TABOO - TRANSGRESSION - TRANSCENDENCE
in Art & Science
27-29 September 2023, Malta Society of Arts, Valletta
How might we give birth to a communal motherhood?
What does a collective practice of gestation and birthing look like?
You are cordially invited to mothers’ first birthday party: a multispecies birthing ritual exploring the regimes of care and control that ‘motherhood’ implies.
The collaborative project, Listen with Mother, explores relationships between human and more-than-human kin through the expanded concept of the ‘mother’. Listen with Mother is an evolving installation centred around a SCOBY* mother, brought from Newcastle University’s Hub for Biotechnology in the Built Environment (HBBE). Our ‘mother’ has been grown on a kitchen table as part of installations situated in two exhibitions which ran from May till November 2022. Around this table, biotechnology researchers, artists, architects and other makers were invited to share how they work with non-human organisms, as a way to explore diverse perspectives on more-than-human care, kinship, control, nurture and culture from the lab, the gallery and the home. Gallery visitors were invited to engage in these explorations through the concept of ‘motherhood’, understood as an act of interspecies care.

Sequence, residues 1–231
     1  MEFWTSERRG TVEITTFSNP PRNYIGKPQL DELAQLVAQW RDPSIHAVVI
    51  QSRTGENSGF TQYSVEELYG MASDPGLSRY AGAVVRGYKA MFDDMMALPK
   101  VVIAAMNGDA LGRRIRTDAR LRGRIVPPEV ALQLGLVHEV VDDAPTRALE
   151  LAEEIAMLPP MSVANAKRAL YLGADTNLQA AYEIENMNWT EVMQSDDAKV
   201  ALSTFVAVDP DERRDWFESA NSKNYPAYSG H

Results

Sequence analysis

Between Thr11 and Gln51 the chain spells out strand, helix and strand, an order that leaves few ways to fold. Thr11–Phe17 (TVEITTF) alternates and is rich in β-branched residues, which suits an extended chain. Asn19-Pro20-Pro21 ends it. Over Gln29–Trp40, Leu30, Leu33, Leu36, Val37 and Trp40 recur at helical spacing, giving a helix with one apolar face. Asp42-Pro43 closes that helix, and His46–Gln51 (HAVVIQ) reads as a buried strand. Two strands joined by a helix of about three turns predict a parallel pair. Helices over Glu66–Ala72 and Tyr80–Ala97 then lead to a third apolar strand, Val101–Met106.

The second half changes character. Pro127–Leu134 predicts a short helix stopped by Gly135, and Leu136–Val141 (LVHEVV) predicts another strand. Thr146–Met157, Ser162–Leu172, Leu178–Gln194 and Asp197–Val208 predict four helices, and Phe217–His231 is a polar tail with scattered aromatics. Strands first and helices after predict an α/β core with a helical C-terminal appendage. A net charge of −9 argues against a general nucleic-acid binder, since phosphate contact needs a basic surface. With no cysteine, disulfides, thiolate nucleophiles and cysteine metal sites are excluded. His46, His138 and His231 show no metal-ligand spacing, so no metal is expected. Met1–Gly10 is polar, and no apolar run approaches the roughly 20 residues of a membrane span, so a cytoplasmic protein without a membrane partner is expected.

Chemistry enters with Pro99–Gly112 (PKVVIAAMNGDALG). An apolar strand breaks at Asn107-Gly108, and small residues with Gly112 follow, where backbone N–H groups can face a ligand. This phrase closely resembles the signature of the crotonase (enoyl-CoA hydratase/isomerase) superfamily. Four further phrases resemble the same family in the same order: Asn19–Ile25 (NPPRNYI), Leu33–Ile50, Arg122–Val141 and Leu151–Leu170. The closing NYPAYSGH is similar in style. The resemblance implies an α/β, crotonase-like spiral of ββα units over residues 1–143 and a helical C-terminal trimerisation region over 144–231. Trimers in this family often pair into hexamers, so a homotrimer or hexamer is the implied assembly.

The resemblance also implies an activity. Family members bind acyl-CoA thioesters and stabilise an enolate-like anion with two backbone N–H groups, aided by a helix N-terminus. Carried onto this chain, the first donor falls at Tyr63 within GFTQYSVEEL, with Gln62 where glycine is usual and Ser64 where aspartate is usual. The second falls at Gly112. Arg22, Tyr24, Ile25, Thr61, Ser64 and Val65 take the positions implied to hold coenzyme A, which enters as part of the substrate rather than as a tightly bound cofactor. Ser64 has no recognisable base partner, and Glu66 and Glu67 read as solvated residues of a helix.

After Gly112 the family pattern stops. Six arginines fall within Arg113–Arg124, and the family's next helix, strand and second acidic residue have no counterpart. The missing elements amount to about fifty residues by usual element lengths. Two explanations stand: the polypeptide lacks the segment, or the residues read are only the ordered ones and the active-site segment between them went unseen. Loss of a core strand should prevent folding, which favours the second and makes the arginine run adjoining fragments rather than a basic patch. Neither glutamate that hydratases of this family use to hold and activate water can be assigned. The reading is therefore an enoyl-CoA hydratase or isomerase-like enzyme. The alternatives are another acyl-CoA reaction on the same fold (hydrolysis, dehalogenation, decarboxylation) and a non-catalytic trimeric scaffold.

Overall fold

*Symbiotic Culture of Bacteria and Yeast
Woven bacterial cellulose hanging basket - Roxana Caplan
Louise Mackenzie, PhD, is an Edinburgh-born interdisciplinary artist, curator and writer. Her practice explores human relationships with the non-human world. With an interest in experimental and experiential practices, sound and new/found media play an important role in her work. Her work has been exhibited nationally and internationally, including ZKM (Germany), BALTIC CCA (UK) and National Library of Madrid (Spain) and she has written for publications with MIT Press, Routledge, Bloomsbury and Intellect.
Kaajal Modi (she/they) is a multidisciplinary designer and creative researcher working through accessible multispecies modes to engage diverse communities into conversations about food, culture, and climate. Their co-creation practice incorporates illustration, live art, sound, video and workshops to create lively and situated encounters between people, organisms and ecosystems. Kaajal is currently completing a practice-based PhD at the Digital Cultures Research Centre (DCRC) at UWE, Bristol, co-supervised from the Science Communication Unit.